About 6D Parliamentary Election Results: First Impressions

By Mision Verdad  –  Dec 7, 2020

At dawn on Monday, December 7, the authorities of the National Electoral Council (CNE) of Venezuela released a first report with the parliamentary elections results, which provided the essential data that settled this important electoral event in the country.

The first bulletin from the electoral body arrived with 82.35% of results transmitted electronically and 5,264,104 votes counted, and indicated that 31% of registered voters participated.

In this electoral contest, the Great Patriotic Pole (GPP, an alliance that groups together the United Socialist Party of Venezuela—PSUV—and other parties of Chavismo) obtained 3,558,320 votes (67.6% of the total).

Meanwhile, the Democratic Alliance, made up of the opposition parties Acción Democrática (AD), Copei, Cambiemos Movimiento Ciudadano (CMC), Avanzada Progresista (AP) and El Cambio (Javier Bertucci’s party), obtained 944,665 votes, equivalent to 17.95% of the total.

The United Venezuela coalition, an alliance made up of the Primero Venezuela party (PV, split from Primero Justicia), Voluntad Popular (VP) and Venezuela Unida, obtained 220,502 votes (4.19% of the total).

The Communist Party of Venezuela (PCV) and the Popular Revolutionary Alternative (APR), a splinter party of the GPP registered 143,917 votes (2.73%).

If the trends remain, after the counting process is completed, the GPP coalition could reach a majority of more than two thirds in parliamentary seats, which would lead to an undisputed victory for Chavismo, effectively concluding the previous political cycle of the outgoing National Assembly (AN).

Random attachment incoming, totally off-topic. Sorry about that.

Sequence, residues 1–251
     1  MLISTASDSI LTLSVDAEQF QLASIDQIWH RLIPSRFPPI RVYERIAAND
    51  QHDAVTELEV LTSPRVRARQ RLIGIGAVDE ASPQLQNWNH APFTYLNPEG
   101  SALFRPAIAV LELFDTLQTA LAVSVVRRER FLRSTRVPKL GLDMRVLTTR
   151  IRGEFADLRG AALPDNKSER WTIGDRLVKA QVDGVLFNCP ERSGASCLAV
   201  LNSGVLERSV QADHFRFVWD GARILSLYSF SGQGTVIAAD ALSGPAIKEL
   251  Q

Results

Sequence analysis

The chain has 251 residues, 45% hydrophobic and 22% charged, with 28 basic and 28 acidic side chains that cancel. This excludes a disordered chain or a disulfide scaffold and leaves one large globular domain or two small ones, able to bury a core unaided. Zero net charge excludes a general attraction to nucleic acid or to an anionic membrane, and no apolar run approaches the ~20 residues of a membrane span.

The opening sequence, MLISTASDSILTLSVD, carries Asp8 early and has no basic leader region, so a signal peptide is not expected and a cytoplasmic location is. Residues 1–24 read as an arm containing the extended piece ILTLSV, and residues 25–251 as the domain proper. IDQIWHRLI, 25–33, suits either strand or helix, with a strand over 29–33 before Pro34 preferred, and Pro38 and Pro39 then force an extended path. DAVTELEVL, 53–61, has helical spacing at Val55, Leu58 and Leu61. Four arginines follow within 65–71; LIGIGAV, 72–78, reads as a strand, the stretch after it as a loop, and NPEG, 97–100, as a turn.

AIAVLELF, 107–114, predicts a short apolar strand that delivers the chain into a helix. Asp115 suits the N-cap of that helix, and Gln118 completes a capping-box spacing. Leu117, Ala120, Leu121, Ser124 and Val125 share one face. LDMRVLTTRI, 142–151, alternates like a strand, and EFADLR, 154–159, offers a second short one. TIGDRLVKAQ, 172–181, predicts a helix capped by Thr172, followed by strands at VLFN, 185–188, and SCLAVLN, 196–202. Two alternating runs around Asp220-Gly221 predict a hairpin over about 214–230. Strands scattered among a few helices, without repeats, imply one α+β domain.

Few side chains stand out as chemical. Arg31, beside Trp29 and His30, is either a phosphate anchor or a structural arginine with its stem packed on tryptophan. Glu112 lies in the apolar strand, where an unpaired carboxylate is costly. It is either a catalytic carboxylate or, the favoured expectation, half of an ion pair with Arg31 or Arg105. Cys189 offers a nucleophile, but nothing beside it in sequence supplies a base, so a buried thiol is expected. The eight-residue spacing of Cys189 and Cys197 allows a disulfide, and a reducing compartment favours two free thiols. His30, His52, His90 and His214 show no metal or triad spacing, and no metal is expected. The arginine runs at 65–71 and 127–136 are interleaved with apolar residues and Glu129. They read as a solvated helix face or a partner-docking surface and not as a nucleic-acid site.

Indeed, at 8 am this Monday the CNE released new data, and in them the votes of the GPP reached 4,294,130, which represents 68.94% of the total.

In greater detail, the head of the Chavismo campaign command, Jorge Rodríguez, also revealed this Monday that the Gran Polo Patriótico (GPP) achieved 34 of the 44 deputies on the national list and won 24 lists (corresponding to the territorial division of the country) and 87 constituencies, which undoubtedly consolidates the new political cycle of the Bolivarian Revolution.


Participation in the election on December 6 can be defined in purely mathematical and comparative terms, as low, with respect to the level of other elections in Venezuela. However, the parliamentary elections with the lowest participation in the Chavista cycle of Venezuelan politics was that of 2005, with only 25.3%, a figure evidently exceeded on December 6.

However, the recorded level of participation has a value beyond the mathematical. For Venezuelan institutions, this result acquires a symbolic and emblematic value due to the context that the country is going through.